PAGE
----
Is Pet Grooming Necessary?

Some new pet owners may be tempted to gloss over the section on proper pet grooming, but they would be doing a serious disservice to their pet. Some form of pet grooming is indeed necessary, especially when a domesticated animal cannot use his or her natural grooming methods. It falls on responsible owners to help an animal maintain healthy skin, hair, teeth, nails and bones. Professional pet grooming may seem like an unnecessary expense, but the majority of groomers do more than trim hair and brush teeth. They are trained to spot potential health risks before they become major complications.

One benefit of regular pet grooming is that it encourages a stronger bond between owner and pet. In the wild, many animals only allow others of their kind to perform grooming tasks. If a domesticated animal allows his owner to brush out his coat or clean out his ears, this is a sign of complete trust. Pet grooming involves a significant amount of handling and petting, which also benefits the pet's emotional state.


Pet grooming can also be a necessity for some pets' proper daily functions. For example, a dog with unclipped toenails may not be able to walk comfortably, which in turn discourages her from exercising daily. An unbrushed cat may develop more hairballs throughout the day, leading to overnight distress. Guinea pigs with unchecked teeth can develop severe overbites, leading to an inability to eat and ultimately to starvation. By performing simple pet grooming tasks, an owner can prevent serious health complications down the road.

Many times, a health concern is discovered through the act of grooming. Parasite infestations such as fleas or ticks are often found during bathing or brushing sessions. Matted fur could be hiding skin diseases or outside irritants such as clinging plant pods or thorns. If a pet owner neglects his or her pet grooming responsibilities, these small irritants can become infected or abscessed. Dirt inside the ears can also be cleaned out before it becomes compacted. Observations during routine pet grooming can uncover tumors, weight problems and vision trouble.

Another important consideration is animal comfort. A dog with a thick coat of hair may become overheated during hot summer months. Some breeds of animals need regular brushings to remove excess hairs and spread healthy oils to the coat. A haircut may not only help the animal look more attractive, but it also allows more air to circulate and keep the animal cool.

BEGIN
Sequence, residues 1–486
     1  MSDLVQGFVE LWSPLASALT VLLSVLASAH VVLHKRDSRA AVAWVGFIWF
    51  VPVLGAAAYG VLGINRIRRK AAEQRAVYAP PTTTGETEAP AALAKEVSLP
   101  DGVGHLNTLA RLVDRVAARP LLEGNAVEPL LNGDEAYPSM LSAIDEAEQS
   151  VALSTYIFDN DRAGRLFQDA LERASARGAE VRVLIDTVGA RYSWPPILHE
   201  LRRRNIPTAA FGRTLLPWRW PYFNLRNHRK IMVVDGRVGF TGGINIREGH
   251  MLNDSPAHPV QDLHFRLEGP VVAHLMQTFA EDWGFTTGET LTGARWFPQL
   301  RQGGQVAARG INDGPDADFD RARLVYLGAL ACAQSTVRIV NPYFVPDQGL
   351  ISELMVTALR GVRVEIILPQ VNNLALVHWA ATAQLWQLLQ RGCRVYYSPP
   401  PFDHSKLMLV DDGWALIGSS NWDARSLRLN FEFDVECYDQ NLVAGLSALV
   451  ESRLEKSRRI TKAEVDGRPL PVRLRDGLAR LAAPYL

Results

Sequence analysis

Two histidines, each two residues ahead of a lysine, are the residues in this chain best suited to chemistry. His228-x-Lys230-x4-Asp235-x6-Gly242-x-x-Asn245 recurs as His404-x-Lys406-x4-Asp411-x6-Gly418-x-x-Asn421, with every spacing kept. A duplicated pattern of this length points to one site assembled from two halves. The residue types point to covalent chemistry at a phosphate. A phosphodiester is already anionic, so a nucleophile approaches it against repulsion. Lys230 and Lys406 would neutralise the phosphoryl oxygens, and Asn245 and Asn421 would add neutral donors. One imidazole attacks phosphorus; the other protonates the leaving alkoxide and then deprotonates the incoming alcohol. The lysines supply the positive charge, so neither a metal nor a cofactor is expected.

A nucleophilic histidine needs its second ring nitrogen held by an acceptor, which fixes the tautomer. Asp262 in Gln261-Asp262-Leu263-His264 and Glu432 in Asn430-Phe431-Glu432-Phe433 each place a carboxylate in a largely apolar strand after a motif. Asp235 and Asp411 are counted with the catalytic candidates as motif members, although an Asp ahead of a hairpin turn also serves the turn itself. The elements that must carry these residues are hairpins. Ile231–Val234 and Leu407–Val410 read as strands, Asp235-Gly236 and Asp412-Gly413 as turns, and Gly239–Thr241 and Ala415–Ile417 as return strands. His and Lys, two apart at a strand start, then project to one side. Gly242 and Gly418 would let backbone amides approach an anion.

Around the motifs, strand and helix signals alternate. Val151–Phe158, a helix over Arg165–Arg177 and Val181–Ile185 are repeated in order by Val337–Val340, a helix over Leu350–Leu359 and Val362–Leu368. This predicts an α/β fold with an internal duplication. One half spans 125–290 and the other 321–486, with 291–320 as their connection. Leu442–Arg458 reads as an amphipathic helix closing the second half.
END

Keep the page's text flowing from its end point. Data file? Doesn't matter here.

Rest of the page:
Cats may groom themselves more often than other pets, but they still need some human aid from time to time. Pet grooming efforts such as giving a cat a bath may seem to call for expert help, but they are necessary to remove excess saliva from the cat's coat. Some people with cat allergies may be more sensitive to a cat's dried saliva than to its dander.

In short, regular pet grooming is an important aspect of pet ownership that should not be ignored for the sake of convenience. One might argue that certain services offered by professional groomers are superfluous or cost-prohibitive, but most of the essential pet grooming procedures can be performed by the owners themselves for very little money or time investment.



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Post 2

Maybe specific grooming needs should be considered before getting a pet.

I have a Maltese pet dog who needs grooming almost daily. Maltese have a long fur that reaches the ground unless it is cut. They are also short and small dogs, so when I take Snoopy out for a walk, the fur around his stomach often gets dirt or snow on it depending on the season.

He needs baths often and he needs to be brushed regularly. I didn't brush him for two weeks once and we had to take a trip to the pet groomers to get his fur untangled. I like to groom him myself, so it has become a daily task. In the summertime, he gets a haircut because he cannot stand the heat with all that fur. For the Maltese, grooming is a serious business!

Post 1

I was told before I adopted my cat that cats shouldn't be given a bath because they already clean themselves. I realized that this is not right after I got her. After a month or so I noticed that no matter how much she licks her fur, she is unable to remove all of the falling hairs or get rid of the dust and dirt by herself.

It always a little bit of a hassle to wash her, cats already don't like water as it is, but it makes so much of a difference. I noticed that she actually feels better after a bath. I brush her hair out and she licks some of it to help dry it

. Her fur has become longer and shinier even though she is a short haired cat ever since I've started bathing her. I don't overdo it though. Once in a month and half seems to be the right timing and I use cat shampoo or baby shampoo.

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